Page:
Has the conservative takeover of the Southern Baptist Convention failed? Molly Worthen, a member of the History Department at the University of North Carolina and the author of Apostles of Reason: The Crisis of Authority in American Evangelicalism, thinks so.
I am sure that folks like Al Mohler and Russell Moore will have something to say on this front. Should be an interesting day in the blogosphere and social media. Stay tuned.
Here is a taste of Worthen’s post at The Daily Beast:
In the early decades of the twentieth century, American liberals and fundamentalists fought over missionary tactics abroad as well as the accommodation of secular learning and culture at home. When liberal mainline denominations began to shrink in the 1960s, conservative Southern Baptists and other evangelicals took this as proof that God had abandoned churches that adulterated his Word with Darwinism, progressive politics, and permissive sexual mores. In a book called The Churching of America (1992) sociologists Rodney Stark and Roger Finke argued that in the American religious “free market,” the churches that grow are the strictest, most demanding churches, the ones that permit no “free riders,” require members to live in constant tension with the wider world and promise a big payoff for sticking to the one Truth. “Humans want their religion to be sufficiently potent, vivid, and compelling so that it can offer them rewards of great magnitude,” the authors wrote. By contrast, those religious communities that concede too much to the world are bound to decline.
Except it hasn’t. True, the conservative SBC revolution has produced a vanguard of impressive young leaders: charismatic, handsome pastors like Birmingham’s David Platt and Charlotte’s Steven Furtick (whose Elevation Church has recently taken heat for planting volunteers to come forward for “spontaneous” baptisms). J.D. Greear leads The Summit Church down the road from me in Durham, North Carolina. These pastors wear stylish jeans and wireless mics; they usually have gorgeous wives and children, numerous advanced degrees, and personal websites. Their megachurches are growing, spilling over onto satellite campuses where congregants can watch their pastor-gurus by streaming video. They combine conservative theology with a trendy Mac-user ethos that shows you can be both a cool Millennial and a Christian culture warrior. My classes at the University of North Carolina are full of students with Summit Church stickers plastered on their laptops and water bottles.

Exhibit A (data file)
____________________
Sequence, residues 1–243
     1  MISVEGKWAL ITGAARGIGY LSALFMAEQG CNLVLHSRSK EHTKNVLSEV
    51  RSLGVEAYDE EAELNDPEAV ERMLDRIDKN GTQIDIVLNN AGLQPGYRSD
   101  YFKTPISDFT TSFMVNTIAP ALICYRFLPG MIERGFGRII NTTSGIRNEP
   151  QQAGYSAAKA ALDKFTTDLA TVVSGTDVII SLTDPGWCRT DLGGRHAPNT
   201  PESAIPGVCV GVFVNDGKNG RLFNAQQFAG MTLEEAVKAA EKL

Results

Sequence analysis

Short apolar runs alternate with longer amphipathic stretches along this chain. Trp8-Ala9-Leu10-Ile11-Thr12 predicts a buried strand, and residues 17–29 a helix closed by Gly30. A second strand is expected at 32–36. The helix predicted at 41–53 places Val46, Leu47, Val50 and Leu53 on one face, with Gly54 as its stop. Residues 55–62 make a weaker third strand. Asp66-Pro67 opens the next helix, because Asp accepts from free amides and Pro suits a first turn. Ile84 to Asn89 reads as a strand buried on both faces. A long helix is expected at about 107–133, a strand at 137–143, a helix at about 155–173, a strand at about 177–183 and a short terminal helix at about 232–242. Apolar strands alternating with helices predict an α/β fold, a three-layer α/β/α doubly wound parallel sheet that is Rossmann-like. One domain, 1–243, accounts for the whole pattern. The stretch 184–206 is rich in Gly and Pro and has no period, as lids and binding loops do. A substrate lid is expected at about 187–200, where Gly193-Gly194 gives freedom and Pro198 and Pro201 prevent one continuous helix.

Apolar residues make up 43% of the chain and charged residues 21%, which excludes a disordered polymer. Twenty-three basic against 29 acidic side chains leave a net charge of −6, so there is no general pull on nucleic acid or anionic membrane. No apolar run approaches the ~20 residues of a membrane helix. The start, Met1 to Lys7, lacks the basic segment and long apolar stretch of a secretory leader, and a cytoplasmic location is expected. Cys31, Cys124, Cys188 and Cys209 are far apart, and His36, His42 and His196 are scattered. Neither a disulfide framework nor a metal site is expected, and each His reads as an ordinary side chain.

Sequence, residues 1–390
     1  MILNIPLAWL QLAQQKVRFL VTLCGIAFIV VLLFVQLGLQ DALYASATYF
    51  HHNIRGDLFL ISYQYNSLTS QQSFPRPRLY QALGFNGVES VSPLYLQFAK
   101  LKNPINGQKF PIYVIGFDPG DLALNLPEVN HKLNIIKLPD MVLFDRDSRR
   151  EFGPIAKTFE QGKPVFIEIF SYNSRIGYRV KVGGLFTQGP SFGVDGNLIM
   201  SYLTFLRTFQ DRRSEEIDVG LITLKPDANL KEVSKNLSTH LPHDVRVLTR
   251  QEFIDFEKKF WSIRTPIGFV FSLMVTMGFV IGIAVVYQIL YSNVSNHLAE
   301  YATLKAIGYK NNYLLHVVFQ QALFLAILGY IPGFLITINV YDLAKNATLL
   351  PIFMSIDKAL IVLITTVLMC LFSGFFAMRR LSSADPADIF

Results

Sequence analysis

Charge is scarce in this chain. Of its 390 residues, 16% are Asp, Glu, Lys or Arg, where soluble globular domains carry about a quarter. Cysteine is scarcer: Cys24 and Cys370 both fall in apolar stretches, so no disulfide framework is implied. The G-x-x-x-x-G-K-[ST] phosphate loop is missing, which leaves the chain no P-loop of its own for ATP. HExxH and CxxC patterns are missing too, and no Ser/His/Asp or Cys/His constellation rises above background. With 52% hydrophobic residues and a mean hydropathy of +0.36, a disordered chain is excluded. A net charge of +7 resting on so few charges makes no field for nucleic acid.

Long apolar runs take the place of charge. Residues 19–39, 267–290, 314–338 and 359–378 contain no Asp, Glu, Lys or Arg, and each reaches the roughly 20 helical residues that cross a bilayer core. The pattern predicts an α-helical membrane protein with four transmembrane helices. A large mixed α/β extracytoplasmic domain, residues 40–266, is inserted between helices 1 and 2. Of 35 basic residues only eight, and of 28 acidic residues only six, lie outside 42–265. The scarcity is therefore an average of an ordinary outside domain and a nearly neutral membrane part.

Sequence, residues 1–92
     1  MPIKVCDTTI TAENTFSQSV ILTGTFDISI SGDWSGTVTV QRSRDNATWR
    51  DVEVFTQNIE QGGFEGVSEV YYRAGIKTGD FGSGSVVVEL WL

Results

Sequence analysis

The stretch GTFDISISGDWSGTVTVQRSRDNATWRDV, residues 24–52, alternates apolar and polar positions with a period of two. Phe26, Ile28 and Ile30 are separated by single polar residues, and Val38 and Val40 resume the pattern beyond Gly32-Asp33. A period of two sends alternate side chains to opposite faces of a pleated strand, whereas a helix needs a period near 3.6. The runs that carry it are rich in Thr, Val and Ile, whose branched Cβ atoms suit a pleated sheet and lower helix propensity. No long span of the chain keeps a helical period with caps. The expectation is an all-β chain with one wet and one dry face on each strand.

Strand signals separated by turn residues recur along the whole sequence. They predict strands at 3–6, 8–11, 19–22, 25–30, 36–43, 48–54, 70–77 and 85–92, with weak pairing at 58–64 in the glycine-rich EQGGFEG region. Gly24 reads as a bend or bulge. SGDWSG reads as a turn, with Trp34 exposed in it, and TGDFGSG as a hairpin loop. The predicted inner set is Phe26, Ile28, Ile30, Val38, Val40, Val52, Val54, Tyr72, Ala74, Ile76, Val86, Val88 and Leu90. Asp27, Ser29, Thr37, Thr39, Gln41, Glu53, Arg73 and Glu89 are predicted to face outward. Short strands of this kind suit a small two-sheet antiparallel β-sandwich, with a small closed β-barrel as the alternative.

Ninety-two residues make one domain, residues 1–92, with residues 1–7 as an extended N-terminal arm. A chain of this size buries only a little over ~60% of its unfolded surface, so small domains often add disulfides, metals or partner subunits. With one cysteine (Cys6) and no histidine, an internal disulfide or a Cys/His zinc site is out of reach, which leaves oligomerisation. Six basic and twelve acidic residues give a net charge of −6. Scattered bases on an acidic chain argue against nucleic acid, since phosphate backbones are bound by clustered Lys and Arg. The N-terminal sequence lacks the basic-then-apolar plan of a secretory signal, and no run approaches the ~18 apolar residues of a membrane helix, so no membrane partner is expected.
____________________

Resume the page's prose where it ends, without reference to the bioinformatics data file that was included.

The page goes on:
But these poster-children of the SBC’s future can’t make those gloomy national statistics go away. Stark’s and Finke’s book was panned by historians, largely because they cherry-picked statistics to divide American churches into “winners” and “losers” without nuanced attention to historical context. If you step back and assess the big picture, few conservative churches are growing anymore (the Assemblies of God is, but by less than 2 percent per year). Evangelicals’ recent strategies—ranging from a hipster makeover to appeal to the Millennial crowd to the mistaken hope that millions of Latinos are leaving Catholicism and becoming conservative Protestants—cannot hold off the world-historical forces of secularization. As the historian David Hollinger has argued, even if liberal churches have lost the battle for butts in the pews, the steady advance of civil rights, the sexual revolution, and gay liberation suggests that they are winning the wider culture.
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